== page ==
Doing ‘The Hokey Pokey’
After coming off the greatest rebound in stock market history, just about every investor seems to be back on top again. From the depths of despair in late March 2020 to the high on the mountaintop in December 2020, the investment environment on Wall Street is … full steam ahead. As you can see in Exhibit 1 all stock market averages were up last year. Some more than others, but obviously the NASDAQ Composite led the pack, because that’s where the highflyers were.
One dominant observation: Practically every investor is doing the same thing … same stocks, same indexes, same allocation. Hence the name of the old song, “The Hokey Pokey,” which implies that everyone is doing the same thing all at the same time. This brings to mind some other times in history when investors were also doing the same thing.
For example, in the early 1980s investors bought every small oil and gas stock that traded. Then in 1990 they bought full force into Japan (the NIKKEI Index is still -30% below its January 1990 level). In 1999–2000 tech stocks were all the rage. In our January 2000 Market Comments, with the NASDAQ up some 85%, we said investor mood was that there was no end in sight. (What happened? The NASDAQ market fell -77% into October 2002.) Then there was the housing and condo craze of 2006–07, an era of so-called free money and risky mortgages. Once again, virtually everyone was doing the same thing.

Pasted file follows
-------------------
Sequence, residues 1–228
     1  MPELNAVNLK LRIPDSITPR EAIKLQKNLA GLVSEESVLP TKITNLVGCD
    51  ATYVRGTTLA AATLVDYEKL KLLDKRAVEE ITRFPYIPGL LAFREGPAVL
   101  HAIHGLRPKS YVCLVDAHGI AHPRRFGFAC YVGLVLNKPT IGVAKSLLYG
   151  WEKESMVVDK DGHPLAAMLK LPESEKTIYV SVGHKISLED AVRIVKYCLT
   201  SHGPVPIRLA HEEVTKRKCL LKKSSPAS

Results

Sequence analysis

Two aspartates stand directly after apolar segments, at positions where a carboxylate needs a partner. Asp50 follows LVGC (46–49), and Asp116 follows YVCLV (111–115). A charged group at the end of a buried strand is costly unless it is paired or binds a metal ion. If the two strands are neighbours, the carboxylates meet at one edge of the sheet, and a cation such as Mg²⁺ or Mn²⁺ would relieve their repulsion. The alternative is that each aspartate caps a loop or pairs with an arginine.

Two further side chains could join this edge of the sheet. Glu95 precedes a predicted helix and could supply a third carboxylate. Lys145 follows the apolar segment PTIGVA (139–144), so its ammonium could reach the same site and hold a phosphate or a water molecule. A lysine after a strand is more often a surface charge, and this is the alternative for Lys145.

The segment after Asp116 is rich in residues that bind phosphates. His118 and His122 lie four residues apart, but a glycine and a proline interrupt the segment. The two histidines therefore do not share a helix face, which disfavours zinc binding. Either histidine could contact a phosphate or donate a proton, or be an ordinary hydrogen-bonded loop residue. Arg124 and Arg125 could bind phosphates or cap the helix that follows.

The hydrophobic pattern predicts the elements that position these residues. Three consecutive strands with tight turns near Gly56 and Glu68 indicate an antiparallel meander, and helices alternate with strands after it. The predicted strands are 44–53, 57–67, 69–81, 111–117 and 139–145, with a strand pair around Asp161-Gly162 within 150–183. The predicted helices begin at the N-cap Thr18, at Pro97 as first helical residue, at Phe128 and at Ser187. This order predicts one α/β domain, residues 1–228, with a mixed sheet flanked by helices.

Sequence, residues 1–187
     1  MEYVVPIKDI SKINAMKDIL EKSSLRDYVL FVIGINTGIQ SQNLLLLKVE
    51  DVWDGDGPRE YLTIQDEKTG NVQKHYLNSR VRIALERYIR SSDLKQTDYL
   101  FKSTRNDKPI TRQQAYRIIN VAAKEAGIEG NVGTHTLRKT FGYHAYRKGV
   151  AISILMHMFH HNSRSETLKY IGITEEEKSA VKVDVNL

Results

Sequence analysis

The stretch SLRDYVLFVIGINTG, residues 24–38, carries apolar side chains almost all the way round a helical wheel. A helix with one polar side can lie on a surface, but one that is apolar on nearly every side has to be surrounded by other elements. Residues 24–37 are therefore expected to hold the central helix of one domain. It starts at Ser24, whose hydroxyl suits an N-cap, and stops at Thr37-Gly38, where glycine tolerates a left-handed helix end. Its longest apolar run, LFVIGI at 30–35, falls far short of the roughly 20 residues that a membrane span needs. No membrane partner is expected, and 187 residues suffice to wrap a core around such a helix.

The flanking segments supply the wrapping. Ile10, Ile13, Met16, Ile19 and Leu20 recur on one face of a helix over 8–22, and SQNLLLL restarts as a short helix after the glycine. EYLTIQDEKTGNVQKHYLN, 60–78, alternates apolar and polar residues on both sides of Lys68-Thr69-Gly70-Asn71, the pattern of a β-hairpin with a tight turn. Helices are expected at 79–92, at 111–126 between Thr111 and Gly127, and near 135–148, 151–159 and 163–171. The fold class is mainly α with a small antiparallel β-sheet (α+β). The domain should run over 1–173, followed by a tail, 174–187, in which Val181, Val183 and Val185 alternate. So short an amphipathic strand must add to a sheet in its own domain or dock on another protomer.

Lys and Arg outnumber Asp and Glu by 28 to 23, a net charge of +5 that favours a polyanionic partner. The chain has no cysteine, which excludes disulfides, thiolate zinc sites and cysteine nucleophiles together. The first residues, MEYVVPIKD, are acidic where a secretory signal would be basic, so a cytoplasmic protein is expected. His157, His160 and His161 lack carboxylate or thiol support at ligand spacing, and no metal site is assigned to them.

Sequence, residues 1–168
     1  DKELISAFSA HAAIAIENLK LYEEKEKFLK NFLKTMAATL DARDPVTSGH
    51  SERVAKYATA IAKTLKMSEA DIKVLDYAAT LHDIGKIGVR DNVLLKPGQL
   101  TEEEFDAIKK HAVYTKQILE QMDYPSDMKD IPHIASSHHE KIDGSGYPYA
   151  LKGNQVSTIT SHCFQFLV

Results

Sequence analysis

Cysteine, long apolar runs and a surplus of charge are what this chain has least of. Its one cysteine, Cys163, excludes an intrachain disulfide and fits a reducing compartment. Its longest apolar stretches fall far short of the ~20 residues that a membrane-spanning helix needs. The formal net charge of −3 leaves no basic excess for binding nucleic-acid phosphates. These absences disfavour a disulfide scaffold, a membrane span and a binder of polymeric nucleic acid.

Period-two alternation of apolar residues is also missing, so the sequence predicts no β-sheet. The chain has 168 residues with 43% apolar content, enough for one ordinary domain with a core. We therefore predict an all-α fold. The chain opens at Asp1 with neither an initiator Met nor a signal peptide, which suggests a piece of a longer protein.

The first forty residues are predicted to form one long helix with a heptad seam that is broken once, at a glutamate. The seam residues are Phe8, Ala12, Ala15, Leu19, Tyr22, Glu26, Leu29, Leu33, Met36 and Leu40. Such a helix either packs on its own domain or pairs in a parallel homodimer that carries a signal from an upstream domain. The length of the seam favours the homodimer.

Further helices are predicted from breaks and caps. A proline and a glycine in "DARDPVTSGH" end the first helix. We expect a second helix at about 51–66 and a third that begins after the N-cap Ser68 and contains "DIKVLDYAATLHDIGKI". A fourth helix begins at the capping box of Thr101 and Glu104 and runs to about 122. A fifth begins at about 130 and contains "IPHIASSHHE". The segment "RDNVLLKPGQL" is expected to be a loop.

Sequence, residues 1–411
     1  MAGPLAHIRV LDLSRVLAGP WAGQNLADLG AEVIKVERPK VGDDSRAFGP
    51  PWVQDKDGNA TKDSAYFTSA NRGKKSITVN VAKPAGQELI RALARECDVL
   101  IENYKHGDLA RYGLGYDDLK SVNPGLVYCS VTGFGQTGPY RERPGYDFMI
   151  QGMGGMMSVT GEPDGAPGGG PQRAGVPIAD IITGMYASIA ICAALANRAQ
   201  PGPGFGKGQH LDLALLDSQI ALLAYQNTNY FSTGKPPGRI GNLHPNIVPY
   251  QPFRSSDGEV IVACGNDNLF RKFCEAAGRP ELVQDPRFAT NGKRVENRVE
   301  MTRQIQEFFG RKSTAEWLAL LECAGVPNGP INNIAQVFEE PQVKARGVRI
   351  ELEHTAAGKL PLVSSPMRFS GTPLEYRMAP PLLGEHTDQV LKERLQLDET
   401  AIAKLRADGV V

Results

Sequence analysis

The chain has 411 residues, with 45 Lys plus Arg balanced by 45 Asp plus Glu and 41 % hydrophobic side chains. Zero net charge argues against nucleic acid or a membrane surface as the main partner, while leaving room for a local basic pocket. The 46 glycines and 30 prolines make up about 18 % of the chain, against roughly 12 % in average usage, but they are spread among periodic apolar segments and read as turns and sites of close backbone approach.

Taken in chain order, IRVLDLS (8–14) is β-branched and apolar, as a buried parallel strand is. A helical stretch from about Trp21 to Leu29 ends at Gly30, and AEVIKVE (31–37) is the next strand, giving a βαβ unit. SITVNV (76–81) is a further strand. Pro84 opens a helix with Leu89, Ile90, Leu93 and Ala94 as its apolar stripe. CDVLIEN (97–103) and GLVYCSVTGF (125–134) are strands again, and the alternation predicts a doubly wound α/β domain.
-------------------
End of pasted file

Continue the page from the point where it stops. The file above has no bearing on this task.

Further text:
Let’s emphasize straight away that we at Oxbow Advisors own stocks in both growth and dividend varieties. But our managed portfolios are balanced with some cash and other income vehicles as well. It’s imperative to maintain balance, and that means also having some liquidity.
The Public Is Back …
Here are several examples of what we’ve witnessed over the last few months.
A 15-year-old high school sophomore trading stocks and enjoying it.
No fewer than six people we know of who now day-trade instead of working at a “real” job.
A set of home movers who trade on Robinhood.
Three college students who trade stocks between studies.
Last but not least, an inquiry by a nephew who is in real estate that maybe he should use all his funds to buy NIO Inc., an electric car maker with no profit.